- Successful upgrading of HTL biocrudes from sewage sludge, wheat straw and algae to hydrocarbon fuels
- Development of technologies for the valorisation of further process streams for energy generation and nutrient recovery
- Quantification of the economic and environmental performance

The achievements of HyFlexFuel are discussed in more detail in the following paragraphs.

The availability of sustainable biomass streams in Europe was investigated by project partner DBFZ (German biomass research centre). DBFZ quantified the potential availability of waste streams such as sewage sludge, biogenic municipal wastes, manure, and various kinds of agricultural residues such as straw and sugar beet leaves. Feedstock density maps were compiled for each biomass to identify suitable locations for HTL plants in Europe.

The unique pilot-scale HTL plant at Aarhus University demonstrated the feedstock flexibility of hydrothermal liquefaction by converting various biomasses under industrially relevant conditions. During these experimental campaigns more than 800 kg of biocrude were produced. A long-duration campaign demonstrated continuous HTL conversion over 48 h. In parallel, HTL models were developed based on screening experiments with smaller reactors to optimize the biocrude yield and quality. This work also showed that the co-processing of different biomasses can improve the performance. To understand the complex HTL reaction pathways, HyFlexFuel partners developed and applied sophisticated analytical techniques to reveal the chemical composition of biocrudes and other product phases.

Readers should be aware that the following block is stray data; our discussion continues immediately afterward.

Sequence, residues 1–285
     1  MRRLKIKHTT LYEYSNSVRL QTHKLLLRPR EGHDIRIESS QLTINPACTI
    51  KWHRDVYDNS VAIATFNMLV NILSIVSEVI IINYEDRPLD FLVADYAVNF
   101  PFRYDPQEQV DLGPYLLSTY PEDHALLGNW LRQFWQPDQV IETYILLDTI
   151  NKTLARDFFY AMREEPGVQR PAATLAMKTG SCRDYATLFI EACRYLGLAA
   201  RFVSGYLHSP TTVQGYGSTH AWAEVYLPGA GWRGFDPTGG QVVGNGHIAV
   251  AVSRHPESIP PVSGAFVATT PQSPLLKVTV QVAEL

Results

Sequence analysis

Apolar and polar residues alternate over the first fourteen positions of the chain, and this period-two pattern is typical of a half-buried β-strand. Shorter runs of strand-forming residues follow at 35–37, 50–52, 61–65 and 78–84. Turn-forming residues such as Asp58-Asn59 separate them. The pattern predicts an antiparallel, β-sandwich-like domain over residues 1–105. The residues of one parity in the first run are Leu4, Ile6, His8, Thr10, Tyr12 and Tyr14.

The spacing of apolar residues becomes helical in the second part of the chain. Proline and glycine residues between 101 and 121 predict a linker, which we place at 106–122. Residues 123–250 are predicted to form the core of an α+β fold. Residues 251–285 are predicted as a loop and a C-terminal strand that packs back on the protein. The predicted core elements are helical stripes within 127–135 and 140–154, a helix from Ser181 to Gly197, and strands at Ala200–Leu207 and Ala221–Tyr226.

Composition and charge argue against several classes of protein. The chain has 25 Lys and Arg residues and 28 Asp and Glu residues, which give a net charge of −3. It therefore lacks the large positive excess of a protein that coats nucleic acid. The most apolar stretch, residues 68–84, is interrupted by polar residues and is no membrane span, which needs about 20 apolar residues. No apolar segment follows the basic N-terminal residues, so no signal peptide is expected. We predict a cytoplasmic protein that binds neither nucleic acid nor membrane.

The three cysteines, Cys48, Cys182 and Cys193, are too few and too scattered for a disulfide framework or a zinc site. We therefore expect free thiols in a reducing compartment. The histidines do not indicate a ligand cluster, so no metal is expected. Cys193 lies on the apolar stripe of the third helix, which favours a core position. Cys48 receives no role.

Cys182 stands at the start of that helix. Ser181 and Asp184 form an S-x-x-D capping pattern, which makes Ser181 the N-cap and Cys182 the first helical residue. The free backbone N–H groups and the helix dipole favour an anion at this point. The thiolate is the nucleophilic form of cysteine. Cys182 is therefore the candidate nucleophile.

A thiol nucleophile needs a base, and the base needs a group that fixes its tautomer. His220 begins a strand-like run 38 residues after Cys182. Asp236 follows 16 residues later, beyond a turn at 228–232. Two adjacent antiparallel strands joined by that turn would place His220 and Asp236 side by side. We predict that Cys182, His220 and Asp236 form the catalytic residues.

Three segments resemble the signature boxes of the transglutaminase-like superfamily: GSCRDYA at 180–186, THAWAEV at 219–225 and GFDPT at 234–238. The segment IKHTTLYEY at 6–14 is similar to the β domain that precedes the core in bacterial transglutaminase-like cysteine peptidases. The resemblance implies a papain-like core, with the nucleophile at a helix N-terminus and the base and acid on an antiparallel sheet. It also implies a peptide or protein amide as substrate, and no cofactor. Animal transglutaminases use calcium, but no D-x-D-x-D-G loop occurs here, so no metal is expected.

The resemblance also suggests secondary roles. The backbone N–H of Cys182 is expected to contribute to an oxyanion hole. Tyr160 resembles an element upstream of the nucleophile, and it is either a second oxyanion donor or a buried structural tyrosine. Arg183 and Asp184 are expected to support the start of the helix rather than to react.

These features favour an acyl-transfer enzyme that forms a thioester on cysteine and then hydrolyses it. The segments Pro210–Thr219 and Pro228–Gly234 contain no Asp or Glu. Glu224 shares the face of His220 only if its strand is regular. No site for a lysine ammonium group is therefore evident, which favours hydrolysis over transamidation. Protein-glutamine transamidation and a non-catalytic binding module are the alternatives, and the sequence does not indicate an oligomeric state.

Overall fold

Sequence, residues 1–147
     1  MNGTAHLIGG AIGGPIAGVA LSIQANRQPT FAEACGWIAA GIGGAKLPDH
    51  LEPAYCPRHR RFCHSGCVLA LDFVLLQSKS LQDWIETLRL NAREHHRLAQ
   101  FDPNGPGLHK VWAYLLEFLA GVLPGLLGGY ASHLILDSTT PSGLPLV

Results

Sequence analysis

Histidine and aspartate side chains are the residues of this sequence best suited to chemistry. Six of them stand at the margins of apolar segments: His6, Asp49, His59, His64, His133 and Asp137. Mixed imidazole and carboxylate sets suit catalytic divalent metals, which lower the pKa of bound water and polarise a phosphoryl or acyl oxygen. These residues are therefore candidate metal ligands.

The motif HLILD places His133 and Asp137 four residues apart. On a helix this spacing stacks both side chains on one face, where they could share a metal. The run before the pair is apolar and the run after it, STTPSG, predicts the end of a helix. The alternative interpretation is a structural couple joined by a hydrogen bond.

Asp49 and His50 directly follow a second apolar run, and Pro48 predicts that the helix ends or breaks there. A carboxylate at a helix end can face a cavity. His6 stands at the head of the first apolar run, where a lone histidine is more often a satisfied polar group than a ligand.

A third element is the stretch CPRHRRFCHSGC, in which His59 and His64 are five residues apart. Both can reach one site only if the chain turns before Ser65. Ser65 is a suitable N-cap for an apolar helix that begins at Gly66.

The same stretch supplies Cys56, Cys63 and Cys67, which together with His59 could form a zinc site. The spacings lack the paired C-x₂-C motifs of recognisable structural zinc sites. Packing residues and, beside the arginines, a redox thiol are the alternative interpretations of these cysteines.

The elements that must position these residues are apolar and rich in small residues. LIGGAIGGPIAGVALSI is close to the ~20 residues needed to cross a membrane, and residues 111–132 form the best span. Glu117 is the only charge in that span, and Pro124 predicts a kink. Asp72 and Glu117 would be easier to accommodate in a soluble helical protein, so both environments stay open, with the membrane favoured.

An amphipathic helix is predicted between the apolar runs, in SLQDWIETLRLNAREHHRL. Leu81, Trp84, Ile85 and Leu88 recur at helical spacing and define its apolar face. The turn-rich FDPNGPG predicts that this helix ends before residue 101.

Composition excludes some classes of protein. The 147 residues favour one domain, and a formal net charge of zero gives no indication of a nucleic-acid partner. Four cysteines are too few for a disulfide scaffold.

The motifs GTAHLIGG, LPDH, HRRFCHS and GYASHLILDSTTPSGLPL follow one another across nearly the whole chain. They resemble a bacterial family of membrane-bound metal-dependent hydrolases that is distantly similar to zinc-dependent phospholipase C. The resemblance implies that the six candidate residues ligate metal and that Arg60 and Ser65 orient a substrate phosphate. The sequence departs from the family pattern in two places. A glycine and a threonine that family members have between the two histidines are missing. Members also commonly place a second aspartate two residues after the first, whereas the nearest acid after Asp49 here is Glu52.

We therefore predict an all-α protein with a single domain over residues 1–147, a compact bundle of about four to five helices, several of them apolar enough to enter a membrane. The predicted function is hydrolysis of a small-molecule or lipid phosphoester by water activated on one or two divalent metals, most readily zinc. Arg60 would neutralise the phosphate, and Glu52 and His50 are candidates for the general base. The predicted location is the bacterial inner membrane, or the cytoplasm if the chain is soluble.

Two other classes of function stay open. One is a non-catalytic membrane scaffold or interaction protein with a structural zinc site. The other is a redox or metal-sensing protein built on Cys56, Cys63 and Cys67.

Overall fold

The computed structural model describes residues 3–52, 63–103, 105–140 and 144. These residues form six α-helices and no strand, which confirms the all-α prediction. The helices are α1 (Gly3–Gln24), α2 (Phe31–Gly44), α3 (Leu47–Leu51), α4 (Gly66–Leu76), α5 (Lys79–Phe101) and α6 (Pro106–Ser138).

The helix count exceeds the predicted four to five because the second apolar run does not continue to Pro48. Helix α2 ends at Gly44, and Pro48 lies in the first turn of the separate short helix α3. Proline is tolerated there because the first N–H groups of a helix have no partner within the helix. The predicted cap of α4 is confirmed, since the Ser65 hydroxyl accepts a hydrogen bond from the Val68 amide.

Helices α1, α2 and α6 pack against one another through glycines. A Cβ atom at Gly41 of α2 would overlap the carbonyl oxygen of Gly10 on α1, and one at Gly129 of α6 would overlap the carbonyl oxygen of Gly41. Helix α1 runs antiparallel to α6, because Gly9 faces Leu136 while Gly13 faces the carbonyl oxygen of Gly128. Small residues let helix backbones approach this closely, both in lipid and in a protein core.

The chemical composition of biocrude varies depending on feedstock and process conditions. Aalborg University and Haldor Topsoe derived multi-step strategies, including an appropriate use of catalysts, which enabled the successful upgrading of HTL biocrudes for more than 300 h of continuous operation. The kerosene and diesel products from the upgrading of biocrudes from sewage sludge, wheat straw and algae showed a promising composition. A blend of HTL kerosene and conventional jet fuel was successfully tested on a laboratory-scale jet engine test at Aalborg Airport. Project partner ENI investigated the alternative option to co-feed HTL biocrudes in crude-oil refineries. It was found that specific properties of biocrudes limit the co-feeding ratios to few percent. However, mildly upgraded biocrudes can improve the co-feeding ratio significantly.